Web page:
'Date rape drug' GHB not commonly used in drink spiking cases

The drug GHB is commonly associated with drink spiking, but in New Zealand, the drug is used far less than people think. 

"We don't think there is much evidence to suggest that GHB is being used a hell of a lot for spiking drinks in New Zealand. The reason for that is it's quite expensive, it's not super available, and also it has a strong detectable taste," says NZ Drug Foundation's Nathan Brown. 

He told Newshub the bigger concern regarding drink spiking in New Zealand is people using strong alcohol. For example, someone could go to a bar and request a very strong drink which they could then give to a victim. Strong alcohol can give a similar effect except it is much cheaper and it's easier to mask. 

GHB (gamma-hydroxybutyric acid), commonly associated with drink spiking, is often referred to as "liquid ecstasy", although it is a completely different drug to MDMA (ecstasy), both chemically and in the way it works. In New Zealand, it's scheduled as a Class B substance, with carrying penalties of up to 14 years' imprisonment for importation, manufacture or supply. 

An increasing number of people in the nightlife scene are said to be using GHB for its euphoric and sedative effects. It has been linked to "date-rape drug" incidents. But a 2006 British study suggested there was "no evidence to suggest widespread date rape drug use" in the UK at all and that, of the 120 cases investigated, less than 2 percent involved GHB. 

Mr Brown echoed this theory, saying it appears there is a misconception about the drug that it's used primarily to spike drinks, but it seems to be used more for personal use. But GHB is certainly available in New Zealand, he says, adding that it's "definitely more available in Auckland". 

GHB is more widely available in Auckland than the rest of the country, the NZ Drug Foundation's Nathan Brown says.
GHB is more widely available in Auckland than the rest of the country, the NZ Drug Foundation's Nathan Brown says. Photo credit: Getty

New Zealand is one of the most expensive countries in the world to buy recreational drugs, according to Mr Brown, and GHB is no different. It was first used in 1960 as an anaesthetic before surgery. More recently, GHB is being trialled as a treatment for alcohol and opiate (e.g. heroin) withdrawal.

Instances of "drink-spiking" is something that does occasionally come to police attention in New Zealand, a spokesperson told Newshub, but neither this, nor an increase in presence of GHB, is "noticeably present at this time".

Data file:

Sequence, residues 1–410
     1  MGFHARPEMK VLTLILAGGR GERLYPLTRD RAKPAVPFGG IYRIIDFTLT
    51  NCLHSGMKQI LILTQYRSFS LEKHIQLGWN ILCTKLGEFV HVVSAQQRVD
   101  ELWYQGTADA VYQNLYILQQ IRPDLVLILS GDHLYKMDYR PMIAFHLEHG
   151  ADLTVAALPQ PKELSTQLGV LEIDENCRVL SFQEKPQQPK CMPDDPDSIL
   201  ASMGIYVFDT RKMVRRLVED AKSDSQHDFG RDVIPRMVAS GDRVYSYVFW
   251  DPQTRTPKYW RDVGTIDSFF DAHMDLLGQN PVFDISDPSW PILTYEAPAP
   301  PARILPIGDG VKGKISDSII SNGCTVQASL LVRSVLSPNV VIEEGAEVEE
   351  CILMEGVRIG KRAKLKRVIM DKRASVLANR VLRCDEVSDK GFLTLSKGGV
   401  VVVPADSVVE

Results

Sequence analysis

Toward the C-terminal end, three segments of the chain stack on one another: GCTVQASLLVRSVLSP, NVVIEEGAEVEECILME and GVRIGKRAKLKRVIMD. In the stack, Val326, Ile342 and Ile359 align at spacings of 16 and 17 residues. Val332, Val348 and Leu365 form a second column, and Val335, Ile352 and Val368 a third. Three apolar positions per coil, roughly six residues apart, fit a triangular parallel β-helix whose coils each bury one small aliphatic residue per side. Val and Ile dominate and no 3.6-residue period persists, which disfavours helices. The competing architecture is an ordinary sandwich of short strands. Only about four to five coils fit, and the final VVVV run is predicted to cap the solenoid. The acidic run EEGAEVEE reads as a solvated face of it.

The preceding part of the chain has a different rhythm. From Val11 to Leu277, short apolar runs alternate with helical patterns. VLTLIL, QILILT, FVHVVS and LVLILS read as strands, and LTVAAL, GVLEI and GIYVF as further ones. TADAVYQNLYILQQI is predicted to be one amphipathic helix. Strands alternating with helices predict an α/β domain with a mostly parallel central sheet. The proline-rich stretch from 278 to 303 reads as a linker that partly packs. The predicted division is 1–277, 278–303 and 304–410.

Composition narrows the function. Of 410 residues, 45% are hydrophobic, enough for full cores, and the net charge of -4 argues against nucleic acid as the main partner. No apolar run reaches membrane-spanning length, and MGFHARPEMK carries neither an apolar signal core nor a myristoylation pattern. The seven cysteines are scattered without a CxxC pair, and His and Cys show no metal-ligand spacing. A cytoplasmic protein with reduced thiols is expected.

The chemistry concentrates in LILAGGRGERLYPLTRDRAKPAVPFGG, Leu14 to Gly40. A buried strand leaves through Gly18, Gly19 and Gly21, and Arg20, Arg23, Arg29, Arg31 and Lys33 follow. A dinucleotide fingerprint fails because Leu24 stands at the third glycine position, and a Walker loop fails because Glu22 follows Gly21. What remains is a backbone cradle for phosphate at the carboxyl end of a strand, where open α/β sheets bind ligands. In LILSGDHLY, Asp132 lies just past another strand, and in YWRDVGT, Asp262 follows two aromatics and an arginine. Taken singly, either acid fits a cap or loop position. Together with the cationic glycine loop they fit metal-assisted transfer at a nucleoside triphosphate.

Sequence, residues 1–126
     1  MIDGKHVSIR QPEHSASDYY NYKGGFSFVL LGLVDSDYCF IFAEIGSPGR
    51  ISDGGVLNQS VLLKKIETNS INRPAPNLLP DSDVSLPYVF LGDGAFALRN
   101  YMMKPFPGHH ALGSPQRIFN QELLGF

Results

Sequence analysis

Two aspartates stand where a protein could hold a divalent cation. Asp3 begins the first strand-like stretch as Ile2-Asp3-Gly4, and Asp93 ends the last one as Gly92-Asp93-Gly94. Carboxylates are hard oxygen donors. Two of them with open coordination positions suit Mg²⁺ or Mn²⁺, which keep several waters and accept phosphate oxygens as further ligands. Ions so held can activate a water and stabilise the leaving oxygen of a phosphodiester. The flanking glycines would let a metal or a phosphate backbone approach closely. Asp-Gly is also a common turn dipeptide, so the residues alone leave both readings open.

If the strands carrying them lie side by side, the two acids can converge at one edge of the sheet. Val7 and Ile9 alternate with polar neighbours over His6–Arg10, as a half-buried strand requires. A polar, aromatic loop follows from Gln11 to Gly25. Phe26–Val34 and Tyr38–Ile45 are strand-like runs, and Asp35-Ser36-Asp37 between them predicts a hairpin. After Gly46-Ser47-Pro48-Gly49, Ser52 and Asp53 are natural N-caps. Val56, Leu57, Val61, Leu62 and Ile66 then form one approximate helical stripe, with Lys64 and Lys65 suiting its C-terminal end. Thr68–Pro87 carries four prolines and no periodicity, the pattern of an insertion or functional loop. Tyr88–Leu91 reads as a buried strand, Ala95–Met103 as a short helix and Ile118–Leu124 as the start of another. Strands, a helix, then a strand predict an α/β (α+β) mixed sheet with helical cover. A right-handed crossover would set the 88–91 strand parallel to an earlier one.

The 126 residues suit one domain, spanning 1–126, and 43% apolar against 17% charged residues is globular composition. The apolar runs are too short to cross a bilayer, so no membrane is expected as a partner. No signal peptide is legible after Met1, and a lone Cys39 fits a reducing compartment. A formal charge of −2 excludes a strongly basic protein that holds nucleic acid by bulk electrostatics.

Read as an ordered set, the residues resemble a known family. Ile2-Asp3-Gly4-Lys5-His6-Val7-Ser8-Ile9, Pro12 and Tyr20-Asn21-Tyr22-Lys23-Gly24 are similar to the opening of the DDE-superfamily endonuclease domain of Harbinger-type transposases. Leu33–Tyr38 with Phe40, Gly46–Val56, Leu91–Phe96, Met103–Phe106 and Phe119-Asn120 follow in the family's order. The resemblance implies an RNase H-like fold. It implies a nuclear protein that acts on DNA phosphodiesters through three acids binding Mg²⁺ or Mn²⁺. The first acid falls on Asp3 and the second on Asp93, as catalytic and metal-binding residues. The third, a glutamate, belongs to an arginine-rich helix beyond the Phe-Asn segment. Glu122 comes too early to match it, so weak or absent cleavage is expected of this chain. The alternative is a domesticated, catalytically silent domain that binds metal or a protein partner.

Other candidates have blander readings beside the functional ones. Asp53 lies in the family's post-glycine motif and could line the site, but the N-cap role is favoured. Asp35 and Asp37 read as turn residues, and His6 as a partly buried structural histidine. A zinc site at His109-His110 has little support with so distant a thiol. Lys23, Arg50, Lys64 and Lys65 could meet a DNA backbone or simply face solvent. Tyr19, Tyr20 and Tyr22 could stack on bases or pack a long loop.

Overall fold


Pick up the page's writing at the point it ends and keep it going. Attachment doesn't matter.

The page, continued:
Drink spiking maybe seem more common than it is, Mr Brown suggests. He says all allegations of drink spiking should be taken seriously, but often those who think their drink has been spiked may be suffering from an unexpected reaction to strong alcohol, or they mightn't have eaten before they consumed alcohol. 

Nevertheless, drink spiking is extremely dangerous when it happens. In March, a woman appeared to capture the moment a man spiked her drink while filming on her phone at a music festival in Brazil. As she spins the camera around, a man can be seen walking behind her and appears to drop something into her cup.

An Auckland woman in her mid-twenties told Newshub her drink was spiked in June, causing her to pass out in the bathroom of a bar. After consuming a few drinks, she recalled suddenly "transitioning between conscious and unconscious". After entering the bathroom to find safety, she passed out, and a security guard had to break down the door. 

"I was eventually able to phone a friend to get me," she said. "But I wonder what danger I could have been in if I didn't lock myself in a bathroom."

New Zealand police advise people to be aware of their drinks when out and socialising, and to keep your drink close so that you don't give anyone the opportunity to tamper with it. If you notice a change in colour or taste don't drink it, and if you start to feel drowsy, tell someone you trust so they can look after you. 

"Drink spiking is rare but it can happen," the police spokesperson said, "and remember that water and fruit juice can also be spiked so be vigilant with all drinks." 

Newshub. 

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